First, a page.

A little creativity and some typographic rule-breaking can produce a really attractive design for a Mother’s Day card. Natural White Savoy 118# Cover from CutCardstock makes a great surface for letterpress printing this card, and as a time-saver, the stock is available pre-cut and scored to A2 size.

Today, I will demonstrate how to compose display types in your shop that you may not use often and arrange them in a word cloud. This technique is great for printing when you don’t have art to depict a specific event or topic because the types become the art.

This particular project takes a bit of planning. First, one must determine the words that will form the “cloud.” With an idea to make a Mother’s Day card, my wife and I did a little brainstorming and came up with six different words for “mother.” I wrote them on a piece of paper and then determined which font to use for each word, keeping in mind that I wanted a good distribution of the large/small, serif/sans-serif, and Roman/script types I have at The Norlu Press.

Setting the types in my composing stick was a bit different than the traditional method. Rather than choosing a line length, setting the stick, placing a slug and setting the types, with spacing as needed for a justified line of text, I justified each word on the measure that closest fit the types, with no spacing on the ends, then set the composing stick to that width (see below.)

Setting each word element on its own measure (36 point. Cooper Black).

If the types were just a bit short of a full measure, I added copper “thins” in between characters to keep the line from having annoying and unstable small spaces on the end (see before and after photos below.)

For this project, each block of text (a single word in this case) needs to be perfectly justified by using thin spaces between characters.

Once I justified each version of “mom” on its own measure, I arranged them on my imposing stone in the approximate size and shape of an A2 card. To avoid toppling the types, a makeup rule available from NA Graphics is extremely handy.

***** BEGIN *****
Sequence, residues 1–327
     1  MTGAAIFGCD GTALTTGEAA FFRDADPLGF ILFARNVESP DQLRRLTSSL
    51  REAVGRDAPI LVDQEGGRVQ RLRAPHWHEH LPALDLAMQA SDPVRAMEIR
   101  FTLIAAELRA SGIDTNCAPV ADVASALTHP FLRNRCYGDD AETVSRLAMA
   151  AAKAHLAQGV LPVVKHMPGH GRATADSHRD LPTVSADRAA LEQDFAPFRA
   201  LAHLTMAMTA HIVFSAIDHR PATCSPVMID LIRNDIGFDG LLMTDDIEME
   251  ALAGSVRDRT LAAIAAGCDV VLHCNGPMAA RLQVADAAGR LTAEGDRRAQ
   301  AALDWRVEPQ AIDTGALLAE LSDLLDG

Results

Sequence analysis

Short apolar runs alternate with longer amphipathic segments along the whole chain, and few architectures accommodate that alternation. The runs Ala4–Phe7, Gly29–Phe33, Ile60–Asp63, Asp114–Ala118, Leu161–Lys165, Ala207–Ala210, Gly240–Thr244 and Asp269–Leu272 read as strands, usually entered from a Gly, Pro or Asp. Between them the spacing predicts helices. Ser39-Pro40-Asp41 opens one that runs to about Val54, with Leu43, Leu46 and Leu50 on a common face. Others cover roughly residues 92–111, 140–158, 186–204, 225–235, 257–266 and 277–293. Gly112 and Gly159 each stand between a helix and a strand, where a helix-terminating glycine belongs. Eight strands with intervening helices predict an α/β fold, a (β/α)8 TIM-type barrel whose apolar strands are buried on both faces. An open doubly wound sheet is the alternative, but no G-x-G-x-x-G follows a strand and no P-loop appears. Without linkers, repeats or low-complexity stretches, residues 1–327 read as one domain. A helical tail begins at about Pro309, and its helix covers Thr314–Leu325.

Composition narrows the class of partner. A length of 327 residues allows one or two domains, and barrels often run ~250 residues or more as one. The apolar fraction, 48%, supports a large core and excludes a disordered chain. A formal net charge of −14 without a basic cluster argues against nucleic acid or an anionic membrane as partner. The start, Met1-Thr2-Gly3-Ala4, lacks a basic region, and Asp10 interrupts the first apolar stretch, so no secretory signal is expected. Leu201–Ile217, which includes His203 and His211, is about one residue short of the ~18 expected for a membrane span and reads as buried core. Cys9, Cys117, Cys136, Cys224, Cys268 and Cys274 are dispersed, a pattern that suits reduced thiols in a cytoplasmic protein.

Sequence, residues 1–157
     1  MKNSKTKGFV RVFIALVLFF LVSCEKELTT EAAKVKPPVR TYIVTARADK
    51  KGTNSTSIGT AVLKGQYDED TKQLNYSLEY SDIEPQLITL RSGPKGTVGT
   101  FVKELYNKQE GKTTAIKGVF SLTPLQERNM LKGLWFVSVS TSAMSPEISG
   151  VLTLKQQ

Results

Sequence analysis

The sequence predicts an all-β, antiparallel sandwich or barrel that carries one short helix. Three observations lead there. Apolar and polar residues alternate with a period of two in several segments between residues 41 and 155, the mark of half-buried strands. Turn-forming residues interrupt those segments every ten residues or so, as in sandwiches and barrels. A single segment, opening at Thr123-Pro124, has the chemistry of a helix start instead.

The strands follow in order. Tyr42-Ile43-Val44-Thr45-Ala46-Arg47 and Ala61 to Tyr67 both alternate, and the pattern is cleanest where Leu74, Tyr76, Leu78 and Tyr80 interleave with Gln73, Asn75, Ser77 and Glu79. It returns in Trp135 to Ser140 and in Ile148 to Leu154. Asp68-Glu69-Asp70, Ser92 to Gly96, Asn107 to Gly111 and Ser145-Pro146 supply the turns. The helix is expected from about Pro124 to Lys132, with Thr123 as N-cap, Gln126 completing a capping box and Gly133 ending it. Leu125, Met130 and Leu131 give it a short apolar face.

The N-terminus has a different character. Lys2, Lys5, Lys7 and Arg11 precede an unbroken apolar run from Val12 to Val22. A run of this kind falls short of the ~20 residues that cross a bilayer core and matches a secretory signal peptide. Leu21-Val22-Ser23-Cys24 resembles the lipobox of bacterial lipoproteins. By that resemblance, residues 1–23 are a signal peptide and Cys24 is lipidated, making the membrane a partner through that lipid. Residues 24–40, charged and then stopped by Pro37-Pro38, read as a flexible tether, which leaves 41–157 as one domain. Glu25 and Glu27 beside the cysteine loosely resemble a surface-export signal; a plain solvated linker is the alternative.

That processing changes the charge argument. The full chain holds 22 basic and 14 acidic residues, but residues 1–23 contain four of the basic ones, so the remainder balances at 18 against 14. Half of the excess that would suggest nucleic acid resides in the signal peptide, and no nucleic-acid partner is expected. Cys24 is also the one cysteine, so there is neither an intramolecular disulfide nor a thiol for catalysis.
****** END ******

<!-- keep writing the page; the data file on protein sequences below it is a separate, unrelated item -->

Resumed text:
A makeup rule makes moving odd-sized lines of handset types on your imposing stone less messy.

With the words in the general locations that I wanted them to occupy, I added spaces between them to push the text blocks outward and form a rectangle. As I did this, I realized there was a gap toward the bottom of my rectangular word cloud, so I returned to the brainstorm list of variations and set “MADRE” to fill that space (see below.)

Completed form with spacers to separate the typographic elements and the addition of a sixth typographic (“MADRE”) element to fill the blank space in the word cloud.
When composing a complicated or irregular form, use corner quads to achieve a tidy lockup.

Press work for the front panel consisted of printing the word cloud form in teal ink. After seeing how the types looked on the card, I decided to add a flower border from M&H Type and printed it in pink, with the pink form canted 90 degrees for dip-feeding (see below.)

Teal ink for the text and pink ink for the flower border.
The types and border material used for this card.

If you have designed a word cloud project, I would be very interested in learning about it and seeing your results. Please comment on this post and to see so many more creative ways to put ink on paper by following Cutcardstock.blog.